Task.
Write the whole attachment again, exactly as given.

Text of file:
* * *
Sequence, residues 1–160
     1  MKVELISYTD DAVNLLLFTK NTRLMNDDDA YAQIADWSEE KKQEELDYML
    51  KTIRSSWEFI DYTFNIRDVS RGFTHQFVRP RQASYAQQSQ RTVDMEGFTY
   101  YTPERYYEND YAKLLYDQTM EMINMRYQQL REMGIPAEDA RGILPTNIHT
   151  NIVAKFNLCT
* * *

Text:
Sequence, residues 1–160
     1  MKVELISYTD DAVNLLLFTK NTRLMNDDDA YAQIADWSEE KKQEELDYML
    51  KTIRSSWEFI DYTFNIRDVS RGFTHQFVRP RQASYAQQSQ RTVDMEGFTY
   101  YTPERYYEND YAKLLYDQTM EMINMRYQQL REMGIPAEDA RGILPTNIHT
   151  NIVAKFNLCT